# Does the table define a function $f:A \to B$?

I am struggeling with this exercise: $A= \{ 1,2,3,4,5 \}, B= \{ 2,3,4,5,6,7 \}$ with $x \in A$ and $y \in B$ Does the table values define a function $f$ from A to B?

$$\begin{array}{c|rrrrrr} x & 1 & 2 & 3 & 4 & 5 & 4 \\ \hline y & 5 & 4 & 3 & 2 & 1 & 5 \end{array}$$

I would say that this does not define a function $A \to B$ because $A$ maps every value in $B$ and not vice versa! However, if I look at $B$ then I could argue that $B$ also maps every value in $A$?

Is this conclusion correct?

As written, it fails to be a function $f:A\to B$ in two ways. For one, $1\notin B,$ so $f(5)\notin B$. For another, it fails even to be a function, since if it were, we would have $2=f(4)=5.$

In order for a table to define a function $A\to B$, two conditions must be met:

1. Every $x$-value (value in $A$) must occur exactly once. Or, if a value occurs more than once, then in every occurrence it must correspond to the same $y$-value (this would be silly, though).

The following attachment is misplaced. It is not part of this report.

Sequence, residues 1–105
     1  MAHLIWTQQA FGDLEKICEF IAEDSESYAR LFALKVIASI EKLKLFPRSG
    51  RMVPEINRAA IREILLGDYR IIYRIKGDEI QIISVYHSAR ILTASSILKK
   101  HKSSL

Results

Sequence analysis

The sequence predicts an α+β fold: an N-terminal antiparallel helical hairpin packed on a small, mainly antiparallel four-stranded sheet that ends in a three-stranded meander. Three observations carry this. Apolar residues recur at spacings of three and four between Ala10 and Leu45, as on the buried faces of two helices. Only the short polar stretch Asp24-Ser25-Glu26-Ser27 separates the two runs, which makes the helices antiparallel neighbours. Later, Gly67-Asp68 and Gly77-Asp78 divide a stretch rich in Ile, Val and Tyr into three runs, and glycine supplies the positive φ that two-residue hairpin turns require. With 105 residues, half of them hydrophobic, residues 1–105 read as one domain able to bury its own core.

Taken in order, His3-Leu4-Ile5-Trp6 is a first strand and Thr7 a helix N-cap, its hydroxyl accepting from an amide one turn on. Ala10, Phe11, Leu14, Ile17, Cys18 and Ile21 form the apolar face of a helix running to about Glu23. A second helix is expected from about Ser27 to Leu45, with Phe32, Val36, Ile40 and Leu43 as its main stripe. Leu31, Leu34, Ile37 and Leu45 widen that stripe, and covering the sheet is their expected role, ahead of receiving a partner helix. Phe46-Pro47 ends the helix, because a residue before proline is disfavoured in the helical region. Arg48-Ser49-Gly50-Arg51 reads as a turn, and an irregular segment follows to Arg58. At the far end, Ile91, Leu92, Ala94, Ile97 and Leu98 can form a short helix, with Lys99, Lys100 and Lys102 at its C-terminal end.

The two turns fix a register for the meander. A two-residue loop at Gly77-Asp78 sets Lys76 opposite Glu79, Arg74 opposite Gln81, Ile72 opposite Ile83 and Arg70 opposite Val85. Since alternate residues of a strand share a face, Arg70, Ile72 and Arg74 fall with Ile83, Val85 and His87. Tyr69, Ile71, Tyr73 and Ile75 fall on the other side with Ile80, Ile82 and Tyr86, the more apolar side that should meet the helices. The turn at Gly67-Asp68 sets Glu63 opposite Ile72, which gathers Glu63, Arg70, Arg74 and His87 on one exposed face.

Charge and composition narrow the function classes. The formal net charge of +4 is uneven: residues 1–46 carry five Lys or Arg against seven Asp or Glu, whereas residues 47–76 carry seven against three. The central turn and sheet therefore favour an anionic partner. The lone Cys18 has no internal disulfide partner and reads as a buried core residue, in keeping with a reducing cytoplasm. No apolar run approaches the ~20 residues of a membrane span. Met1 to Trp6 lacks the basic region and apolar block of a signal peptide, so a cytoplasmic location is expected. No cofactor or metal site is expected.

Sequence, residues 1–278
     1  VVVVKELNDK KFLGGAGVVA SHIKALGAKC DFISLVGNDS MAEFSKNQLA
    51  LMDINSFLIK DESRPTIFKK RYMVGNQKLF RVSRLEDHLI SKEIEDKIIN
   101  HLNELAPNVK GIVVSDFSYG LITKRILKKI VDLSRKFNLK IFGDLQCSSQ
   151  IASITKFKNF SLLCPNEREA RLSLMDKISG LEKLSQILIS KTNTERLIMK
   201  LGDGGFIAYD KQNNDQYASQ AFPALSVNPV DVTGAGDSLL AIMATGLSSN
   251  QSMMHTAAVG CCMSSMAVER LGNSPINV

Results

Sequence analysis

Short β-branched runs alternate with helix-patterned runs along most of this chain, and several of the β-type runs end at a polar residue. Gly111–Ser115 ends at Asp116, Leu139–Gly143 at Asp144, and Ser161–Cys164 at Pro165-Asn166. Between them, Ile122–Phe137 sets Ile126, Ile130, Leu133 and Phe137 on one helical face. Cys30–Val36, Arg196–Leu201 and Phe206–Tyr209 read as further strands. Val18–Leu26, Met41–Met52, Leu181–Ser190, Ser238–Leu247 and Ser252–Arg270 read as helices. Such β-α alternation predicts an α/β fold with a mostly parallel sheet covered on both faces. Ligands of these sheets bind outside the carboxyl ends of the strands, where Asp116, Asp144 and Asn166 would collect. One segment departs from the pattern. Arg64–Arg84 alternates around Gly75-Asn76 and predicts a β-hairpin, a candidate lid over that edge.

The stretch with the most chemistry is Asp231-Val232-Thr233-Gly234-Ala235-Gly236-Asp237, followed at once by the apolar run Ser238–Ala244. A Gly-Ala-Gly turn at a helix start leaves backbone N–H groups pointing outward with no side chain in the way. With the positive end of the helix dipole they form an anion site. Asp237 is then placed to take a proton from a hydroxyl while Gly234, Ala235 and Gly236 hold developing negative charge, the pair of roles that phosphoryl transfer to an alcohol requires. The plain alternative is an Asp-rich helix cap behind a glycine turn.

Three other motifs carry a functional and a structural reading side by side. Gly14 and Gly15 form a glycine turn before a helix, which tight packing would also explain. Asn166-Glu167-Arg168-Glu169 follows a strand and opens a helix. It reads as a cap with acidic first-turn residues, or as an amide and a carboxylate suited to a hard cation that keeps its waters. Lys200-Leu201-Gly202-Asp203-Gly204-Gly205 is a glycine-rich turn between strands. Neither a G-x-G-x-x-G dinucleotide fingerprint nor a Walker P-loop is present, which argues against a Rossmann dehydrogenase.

2. Every $y$-value must be an element of $B$.

Note that there is no need for every value in $B$ to occur on the table (in fact, this is impossible in this situation, since the range of a function cannot be larger than the domain, because of condition 1 above).

• what would be a table, that defines a proper function? Aug 6, 2013 at 14:07
• I have expanded my answer. Aug 6, 2013 at 14:08

This is not a function, because you have the same value appearing twice in your domain.

However, a function need not map every element in its domain set to an element in its range set. A function need not map to every element in its range, either!

For example, $f(x) = 0$ is a function from reals to the reals. But it only ever takes a single value!

A function that hits every value in its range is called onto. Think of onto functions as smearing butter on toast -- you want to make sure every bit of the toast is covered!

Sometimes, however, you want functions to hit each part of the target set exactly once. These functions are called injective. For example, $f(x) = x-1$ is injective, because any value in the range is only hit by a single value of $x$. This is like making sure you have a perfectly thin layer of butter on your toast.

Functions that are both injective and onto are very important functions -- they are called bijections, and they are crucially important in many areas of mathematics.